Queens Senator Pitches MLB to Bring All-Star Game to Citi Field

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A state Senator from Queens is taking a big swing to bring Major League Baseball's All-Star Game to the New York City borough after the organization pulled the game from Atlanta in response to Georgia's new voting law.

Senator Deputy Leader Michael Gianaris wrote a letter to MLB Commissioner Rob Manfred in support of the league's decision to move the game out of Georgia and pitched the league to bring its big game to the Big Apple.

"There is no place in America that better symbolizes what our country stands for than Queens - home of Citi Field and the New York Mets. The most diverse county in the United States was also among the hardest hit during the COVID-19 pandemic, and this would be a fitting tribute to honor the all-stars of our community," Gianaris wrote.

The league announced Friday afternoon it was pulling their summer All-Star Game from Atlanta in objection to the state's controversial new voting laws.

“I have decided that the best way to demonstrate our values as a sport is by relocating this year’s All-Star Game and MLB draft,” Manfred said. “Major League Baseball fundamentally supports voting rights for all Americans and opposes restrictions to the ballot box.”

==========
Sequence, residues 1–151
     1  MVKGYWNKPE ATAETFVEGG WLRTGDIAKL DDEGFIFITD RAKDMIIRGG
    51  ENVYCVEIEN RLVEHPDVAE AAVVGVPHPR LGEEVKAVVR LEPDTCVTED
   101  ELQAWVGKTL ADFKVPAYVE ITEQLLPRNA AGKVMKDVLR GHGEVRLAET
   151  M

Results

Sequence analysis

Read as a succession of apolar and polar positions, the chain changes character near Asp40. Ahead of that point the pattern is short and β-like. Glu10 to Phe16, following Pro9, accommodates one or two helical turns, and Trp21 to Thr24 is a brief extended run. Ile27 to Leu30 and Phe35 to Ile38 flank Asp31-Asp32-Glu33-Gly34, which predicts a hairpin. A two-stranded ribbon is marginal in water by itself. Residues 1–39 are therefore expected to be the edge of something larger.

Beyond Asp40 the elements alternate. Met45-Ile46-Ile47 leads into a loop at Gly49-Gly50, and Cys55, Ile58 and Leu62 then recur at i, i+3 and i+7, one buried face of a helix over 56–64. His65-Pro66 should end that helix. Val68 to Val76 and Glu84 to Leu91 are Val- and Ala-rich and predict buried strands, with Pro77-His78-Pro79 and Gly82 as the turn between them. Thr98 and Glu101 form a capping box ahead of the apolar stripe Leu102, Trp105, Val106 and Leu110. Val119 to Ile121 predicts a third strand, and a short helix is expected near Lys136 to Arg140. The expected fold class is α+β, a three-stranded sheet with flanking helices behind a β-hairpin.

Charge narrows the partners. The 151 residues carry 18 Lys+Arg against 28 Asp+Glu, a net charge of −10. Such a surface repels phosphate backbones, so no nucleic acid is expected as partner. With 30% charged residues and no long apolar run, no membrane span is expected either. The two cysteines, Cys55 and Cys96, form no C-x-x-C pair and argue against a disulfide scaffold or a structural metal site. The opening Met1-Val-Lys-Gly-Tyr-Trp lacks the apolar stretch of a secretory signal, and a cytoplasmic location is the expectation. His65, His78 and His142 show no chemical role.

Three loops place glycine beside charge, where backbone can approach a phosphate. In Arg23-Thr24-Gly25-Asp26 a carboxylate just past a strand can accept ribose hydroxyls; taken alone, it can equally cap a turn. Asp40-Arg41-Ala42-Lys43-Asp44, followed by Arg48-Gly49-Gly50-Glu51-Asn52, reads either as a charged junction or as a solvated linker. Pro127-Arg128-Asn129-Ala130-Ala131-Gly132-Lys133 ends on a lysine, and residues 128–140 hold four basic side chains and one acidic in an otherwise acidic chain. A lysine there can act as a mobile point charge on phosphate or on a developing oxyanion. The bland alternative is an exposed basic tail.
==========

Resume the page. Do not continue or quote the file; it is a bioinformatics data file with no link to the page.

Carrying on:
Georgia Gov. Brian Kemp called Manfred's move a "knee-jerk reaction" and another example of "cancel culture."

Citi Field has some recent history with the All-Star Game -- the stadium last hosted the annual game in 2013.

As of 8 a.m. Tuesday, New Yorkers age 30 and up can begin scheduling their shots, while universal eligibility will extend to all 16 and older early next week. Vaccine eligibility had previously been restricted to people older than 50, those in certain job categories and people with underlying health conditions that put them at risk for serious illness or death if they were to become infected with the virus. Gaby Acevedo reports.

The stadium typically home to the New York Mets has served as host to thousands of New Yorkers in recent weeks getting their dose of the COVID-19 vaccine.

The city announced this week that New Yorkers age 75 and older can now walk up to the 24/7 vaccination site and get their shot without scheduling an appointment. They can bring a friend to get dosed, too.

All qualifying New Yorkers have to do is show proof of age upon arrival at the site. While their accompanying party can be of any age, that person must also be eligible under state guidelines.

The city offers free transportation to and from vaccine sites for adults who are older than 65 or have an ambulatory, visual, intellectual, or developmental disability. To reserve transportation, including ambulette and cab options, call 877-VAX-4-NYC. An operator will walk through eligibility and provide other options over the phone based on the caller's need, the city says.

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